US prosecutors on Monday unveiled the names of four additional Pakistani conspirators charged with carrying out the deadly 2008 Mumbai attacks and plotting other terrorist actions in India and Denmark.
None of the men are in US custody and a spokesman for the US attorney’s office declined to say whether the US government would be seeking their extradition or even knows their whereabouts.
The United States has been prosecuting a case against the conspirators after arresting Pakistani-American David Headley in 2009, who pleaded guilty to surveying hotels in Mumbai and other targets ahead of the November 2008 attacks in which 166 people died.
In exchange for his guilty plea, US prosecutors agreed Headley would not face extradition to India or the death penalty but required him to provide both US and Indian investigators with details of the plots.
Headley told investigators about a planned attack on the Copenhagen and Aarhus offices of the Jyllands Posten newspaper which published controversial cartoons depicting the prophet Mohammed.
He also detailed the targets he was scoping out for the next attack just four months after the Mumbai attacks, including Bollywood, the National Defense College in Delhi and Chabad Houses in several cities.
India blames the banned, Pakistan-based Islamist group Lashkar-e-Taiba for masterminding the Mumbai attacks, which led to the suspension of fragile peace talks between the two neighbors and rivals.
New Delhi and Islamabad only agreed to resume dialogue in February.
The conspirators named in a superseding indictment are: Sajid Mir, who was described as a “handler” in the banned Pakistan-based Islamist group Lashkar-e-Taibaa; Mazhar Iqbal, a Laskar “commander;” Abu Qahafa, who trained the attackers in combat for Lashkar; and an individual known only as “Major Iqbal” (hereafter “Major Iqbal”), who allegedly “participated in planning and funding attacks carried out by Lashkar.”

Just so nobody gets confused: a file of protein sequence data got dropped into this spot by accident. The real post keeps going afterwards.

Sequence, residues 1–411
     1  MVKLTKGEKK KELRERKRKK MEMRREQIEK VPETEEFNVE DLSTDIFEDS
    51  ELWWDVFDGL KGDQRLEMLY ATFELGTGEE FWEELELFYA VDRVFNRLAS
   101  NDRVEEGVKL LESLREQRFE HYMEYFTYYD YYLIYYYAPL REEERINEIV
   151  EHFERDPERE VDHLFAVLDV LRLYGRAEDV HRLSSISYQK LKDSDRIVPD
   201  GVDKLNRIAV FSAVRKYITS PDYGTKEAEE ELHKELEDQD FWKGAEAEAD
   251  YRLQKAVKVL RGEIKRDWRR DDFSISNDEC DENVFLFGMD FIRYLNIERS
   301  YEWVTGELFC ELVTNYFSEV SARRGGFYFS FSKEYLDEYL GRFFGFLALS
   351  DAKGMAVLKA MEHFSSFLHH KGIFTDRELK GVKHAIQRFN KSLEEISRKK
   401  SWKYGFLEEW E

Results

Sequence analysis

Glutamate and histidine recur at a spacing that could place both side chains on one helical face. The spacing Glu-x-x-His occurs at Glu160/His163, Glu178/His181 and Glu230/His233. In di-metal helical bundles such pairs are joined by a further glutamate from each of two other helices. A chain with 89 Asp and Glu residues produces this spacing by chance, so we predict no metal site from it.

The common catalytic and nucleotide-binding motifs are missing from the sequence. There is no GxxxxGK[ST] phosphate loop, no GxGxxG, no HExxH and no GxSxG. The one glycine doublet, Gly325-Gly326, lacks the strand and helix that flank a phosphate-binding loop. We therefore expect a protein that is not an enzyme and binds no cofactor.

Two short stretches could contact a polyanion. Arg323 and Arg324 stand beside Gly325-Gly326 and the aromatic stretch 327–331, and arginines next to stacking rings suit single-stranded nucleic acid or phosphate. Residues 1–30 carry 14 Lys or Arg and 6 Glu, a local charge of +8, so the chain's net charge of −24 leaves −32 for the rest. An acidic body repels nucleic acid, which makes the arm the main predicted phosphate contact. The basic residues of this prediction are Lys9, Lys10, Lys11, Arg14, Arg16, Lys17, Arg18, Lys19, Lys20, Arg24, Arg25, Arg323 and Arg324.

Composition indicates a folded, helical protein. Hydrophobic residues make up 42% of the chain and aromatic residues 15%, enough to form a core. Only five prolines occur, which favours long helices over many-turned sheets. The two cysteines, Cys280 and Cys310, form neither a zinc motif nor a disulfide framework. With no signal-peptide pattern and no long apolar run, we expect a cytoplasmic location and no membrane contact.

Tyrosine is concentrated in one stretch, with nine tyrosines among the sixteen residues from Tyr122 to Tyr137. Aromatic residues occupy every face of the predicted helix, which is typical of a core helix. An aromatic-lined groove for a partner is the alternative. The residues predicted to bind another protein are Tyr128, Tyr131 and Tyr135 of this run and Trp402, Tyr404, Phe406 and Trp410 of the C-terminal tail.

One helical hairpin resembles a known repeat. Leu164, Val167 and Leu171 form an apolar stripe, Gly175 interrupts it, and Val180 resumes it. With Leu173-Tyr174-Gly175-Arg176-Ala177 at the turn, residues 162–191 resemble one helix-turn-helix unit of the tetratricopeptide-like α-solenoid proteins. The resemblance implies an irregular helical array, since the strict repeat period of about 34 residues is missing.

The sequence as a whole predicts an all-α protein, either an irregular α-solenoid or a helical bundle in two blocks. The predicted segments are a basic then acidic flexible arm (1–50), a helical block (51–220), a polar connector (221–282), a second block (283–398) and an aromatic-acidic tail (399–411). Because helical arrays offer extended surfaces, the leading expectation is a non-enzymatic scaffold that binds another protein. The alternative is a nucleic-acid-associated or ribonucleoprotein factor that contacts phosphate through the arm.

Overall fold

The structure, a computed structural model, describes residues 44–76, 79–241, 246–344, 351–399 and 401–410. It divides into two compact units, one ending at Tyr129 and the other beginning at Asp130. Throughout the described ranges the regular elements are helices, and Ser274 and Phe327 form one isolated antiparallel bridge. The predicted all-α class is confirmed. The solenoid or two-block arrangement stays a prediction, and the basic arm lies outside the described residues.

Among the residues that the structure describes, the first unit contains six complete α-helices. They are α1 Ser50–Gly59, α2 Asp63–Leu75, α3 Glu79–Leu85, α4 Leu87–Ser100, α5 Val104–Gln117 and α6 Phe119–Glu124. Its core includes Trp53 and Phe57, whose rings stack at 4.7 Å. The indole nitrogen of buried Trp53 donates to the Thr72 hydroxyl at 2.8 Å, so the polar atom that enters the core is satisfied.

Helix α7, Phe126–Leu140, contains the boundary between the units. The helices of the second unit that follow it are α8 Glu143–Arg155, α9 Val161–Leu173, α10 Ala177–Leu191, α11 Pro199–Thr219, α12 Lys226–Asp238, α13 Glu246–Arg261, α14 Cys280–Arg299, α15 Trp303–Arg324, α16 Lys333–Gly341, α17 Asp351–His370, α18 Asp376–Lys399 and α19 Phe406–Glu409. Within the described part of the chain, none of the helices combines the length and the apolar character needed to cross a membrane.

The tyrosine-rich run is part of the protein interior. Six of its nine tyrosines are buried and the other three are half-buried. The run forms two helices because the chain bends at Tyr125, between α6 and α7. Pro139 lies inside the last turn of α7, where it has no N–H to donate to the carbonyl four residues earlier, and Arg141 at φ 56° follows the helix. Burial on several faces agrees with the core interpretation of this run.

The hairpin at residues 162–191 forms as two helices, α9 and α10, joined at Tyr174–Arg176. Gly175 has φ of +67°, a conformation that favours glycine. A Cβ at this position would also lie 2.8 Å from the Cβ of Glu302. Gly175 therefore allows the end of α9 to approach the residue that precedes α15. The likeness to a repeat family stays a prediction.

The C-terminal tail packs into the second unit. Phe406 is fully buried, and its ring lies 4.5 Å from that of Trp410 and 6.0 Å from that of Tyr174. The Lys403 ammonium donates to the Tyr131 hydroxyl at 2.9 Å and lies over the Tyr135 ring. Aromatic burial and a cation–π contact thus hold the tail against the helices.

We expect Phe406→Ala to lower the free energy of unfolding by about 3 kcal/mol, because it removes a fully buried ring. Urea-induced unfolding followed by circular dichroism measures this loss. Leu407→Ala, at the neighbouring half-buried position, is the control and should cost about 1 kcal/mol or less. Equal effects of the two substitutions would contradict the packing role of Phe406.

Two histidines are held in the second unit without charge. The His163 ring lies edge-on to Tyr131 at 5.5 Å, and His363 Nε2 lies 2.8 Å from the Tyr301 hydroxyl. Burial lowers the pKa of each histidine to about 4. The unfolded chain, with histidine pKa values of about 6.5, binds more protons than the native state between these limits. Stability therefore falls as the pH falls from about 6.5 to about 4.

They were each charged with six counts of aiding and abetting the murder of US citizens in India and one count of conspiracy to murder and maim in India.
Three of them — Mir, Abu Qahafa and Mazhar Iqbal — were charged with conspiracy to bomb public places in India and conspiracy to provide material support to terrorism in India.
Mir was charged with conspiracy to provide material support to terrorism and murder and maim in Denmark, in a plot to attack the newspaper which published controversial cartoons of the prophet Mohammed.
They could face the death penalty if convicted in the United States.
A Chicago businessman also charged with helping Headley is set to face trial on the charges on May 16.
Tahawwur Hussain Rana, a Pakistani-born Canadian citizen who owns the immigration services firm that Headley allegedly used as a cover, insists he is a pacifist who was “duped” by his friend. Economic Times